The Nigerian government is responsively taking steps to address climate change, establishing a ministry for environment and advancing cooperation with Korea on climate change, Ali Magashi, Nigerian envoy to Korea, said in an interview with The Korea Herald.
According to the Nigerian ambassador, Africa is the “greatest victim” of climate change. Nigeria, Africa’s most populous country, has seen increases in drought and extreme flooding in recent years that has damaged agricultural production -- the source of livelihood for many Nigerians.
Nigeria, one of the beneficiaries of the UN’s Green Climate Fund, has received $170 million in funding this year to support various climate projects, and is set to secure another $100 million by the end of the year, according to Magashi.
The GCF, headquartered in Songdo, Incheon, is mandated to help developing countries realize their national greenhouse gas reduction goals, or Nationally Determined Contributions.
The Nigerian government has pledged to cut greenhouse gas emissions by 20 percent by 2030 compared to “business-as-usual” levels, and up to 45 percent on condition of international aid.
“Bilateral initiatives with the Nigerian Ministry of Mines and Power that address green energy in Nigeria are underway, there are lot of initiatives existing with Korea and Nigeria stakeholders on addressing climate change issues,” Magashi said.
Nigeria has sent a proposal on climate change initiatives to the Korean government that would involve the nonprofit Global Green Growth Institute and cooperation is underway, Magashi said.
Magashi also highlighted Nigeria’s efforts to advance cooperation on science and technology with Korea.
Nigeria has established a Ministry of Communication and Digital Economy and the Nigeria Information Technology Agency, which aims to provide ICT infrastructure for development. He added that the Nigerian embassy is collaborating with Korea Development Institute, a national think tank here, and Korean agencies, for technology exchange in ICT development.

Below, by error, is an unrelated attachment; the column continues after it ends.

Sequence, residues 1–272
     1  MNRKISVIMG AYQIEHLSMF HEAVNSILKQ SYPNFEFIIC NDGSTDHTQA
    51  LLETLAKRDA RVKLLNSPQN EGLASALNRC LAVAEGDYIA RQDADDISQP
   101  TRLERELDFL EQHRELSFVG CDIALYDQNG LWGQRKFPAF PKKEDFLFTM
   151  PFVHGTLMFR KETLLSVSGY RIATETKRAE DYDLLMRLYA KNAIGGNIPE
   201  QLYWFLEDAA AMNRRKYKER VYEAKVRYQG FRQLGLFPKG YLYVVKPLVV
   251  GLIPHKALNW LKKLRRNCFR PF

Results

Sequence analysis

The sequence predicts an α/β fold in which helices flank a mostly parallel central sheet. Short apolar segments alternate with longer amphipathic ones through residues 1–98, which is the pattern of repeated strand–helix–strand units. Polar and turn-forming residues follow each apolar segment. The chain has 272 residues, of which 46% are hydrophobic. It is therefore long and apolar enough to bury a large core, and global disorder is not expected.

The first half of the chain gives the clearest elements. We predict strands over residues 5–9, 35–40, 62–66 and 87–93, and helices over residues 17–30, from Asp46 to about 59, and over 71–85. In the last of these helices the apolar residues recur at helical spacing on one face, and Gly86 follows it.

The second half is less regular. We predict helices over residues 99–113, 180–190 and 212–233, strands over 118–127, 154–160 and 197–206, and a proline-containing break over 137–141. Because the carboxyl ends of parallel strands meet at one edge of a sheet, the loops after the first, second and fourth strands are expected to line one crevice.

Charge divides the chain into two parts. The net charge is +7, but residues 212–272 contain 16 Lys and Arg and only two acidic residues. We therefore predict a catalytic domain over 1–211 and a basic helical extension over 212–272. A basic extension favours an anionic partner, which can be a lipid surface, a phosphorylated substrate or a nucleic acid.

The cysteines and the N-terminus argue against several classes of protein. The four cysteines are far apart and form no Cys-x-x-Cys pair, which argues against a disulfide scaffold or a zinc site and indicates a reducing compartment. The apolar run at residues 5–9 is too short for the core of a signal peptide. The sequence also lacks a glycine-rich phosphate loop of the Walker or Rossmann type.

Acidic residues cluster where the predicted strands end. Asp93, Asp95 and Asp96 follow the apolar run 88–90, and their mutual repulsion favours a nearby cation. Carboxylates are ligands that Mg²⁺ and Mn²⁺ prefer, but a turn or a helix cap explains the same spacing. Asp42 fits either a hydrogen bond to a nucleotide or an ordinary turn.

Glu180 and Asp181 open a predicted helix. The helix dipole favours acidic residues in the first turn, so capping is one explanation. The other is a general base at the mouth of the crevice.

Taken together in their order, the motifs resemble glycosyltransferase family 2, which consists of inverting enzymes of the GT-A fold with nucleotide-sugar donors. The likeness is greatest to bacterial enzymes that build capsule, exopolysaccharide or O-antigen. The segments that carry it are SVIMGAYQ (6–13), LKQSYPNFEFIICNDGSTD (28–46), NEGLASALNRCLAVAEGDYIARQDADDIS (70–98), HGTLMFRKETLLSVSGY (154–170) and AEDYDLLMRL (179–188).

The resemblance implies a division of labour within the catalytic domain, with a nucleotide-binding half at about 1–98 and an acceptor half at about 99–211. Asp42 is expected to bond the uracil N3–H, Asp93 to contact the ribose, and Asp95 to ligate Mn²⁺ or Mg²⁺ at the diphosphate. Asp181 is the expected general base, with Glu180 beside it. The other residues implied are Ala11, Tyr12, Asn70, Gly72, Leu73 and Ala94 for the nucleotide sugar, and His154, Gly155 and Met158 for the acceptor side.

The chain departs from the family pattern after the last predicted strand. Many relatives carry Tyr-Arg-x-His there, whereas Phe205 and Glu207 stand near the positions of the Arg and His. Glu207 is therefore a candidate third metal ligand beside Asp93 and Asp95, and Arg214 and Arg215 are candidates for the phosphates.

Looking forward, Magashi said his government is hoping to boost interactions between midsize Korean companies and their Nigerian counterparts.
“Nigeria is a huge consumption economy and market (that is) under process to create technology exchange with new investments, transfer of technology and building capacity,” he said.
Magashi shared plans on holding a Korea-Nigeria Joint Commission with an intent to create government and business sector delegations that will maintain contact with Korea’s midlevel companies and SMEs.
“Korea-Nigeria Joint Commission would enhance startup cooperation and ratify numerous treaties on trade, tax, defense cooperation, execute treaties to strengthen corporate cooperation and building institutional capacity to further the bilateral relations,” he said.
Magashi said Nigeria, Africa’s largest oil and gas producer, already has strong ties with Korean companies. Daewoo E&C operates a Nigerian bilateral gas project, Samsung and Hyundai Heavy Industries are engaged in making LNG trains for Nigeria and Hyundai Mipo Dockyards are making three LPG vessels.
“There are lots of EPC projects such as bridges, tunnels and LNG trains,” he said. EPC refers to engineering, procurement and construction contracts.
On why not many Nigerian companies are operating in Korea, the envoy said Nigeria is still a developing country, with a young 22-year democracy and 60 years of independence.
It still faces institutional challenges and is difficult for Nigerian companies to directly compete with Korean companies. It would require enormous support from the Korean government and financing institutions to support overseas exports of Korean products.
However, the envoy said mega banks in Nigeria are now supporting Nigerian companies and offering collaborative opportunities to partner with overseas companies in different sectors.
“Nigeria now has a development institution and financial systems, and very soon a Nigerian bank in Korea with Nigeria’s sophisticated and easy operations in international banking transactions and capacity is likely to be established,” Magashi said.
Separately, Magashi also expressed his views on the COVID-19 pandemic, saying that the Nigerian government was greatly concerned on how to curb the virus’ spread within its population of over 200 million.
“Before the first case of COVID-19 in Nigeria, the Nigerian government already put the presidential task force to tackle COVID-19 putting all the institutions together, led by the Nigerian Center for Disease Control, and coming from the experience of Ebola not too long before, Nigeria had a very effective disease control infrastructure and the system went into action immediately with responsiveness in controlling COVID-19,” he said.
By Sanjay Kumar (firstname.lastname@example.org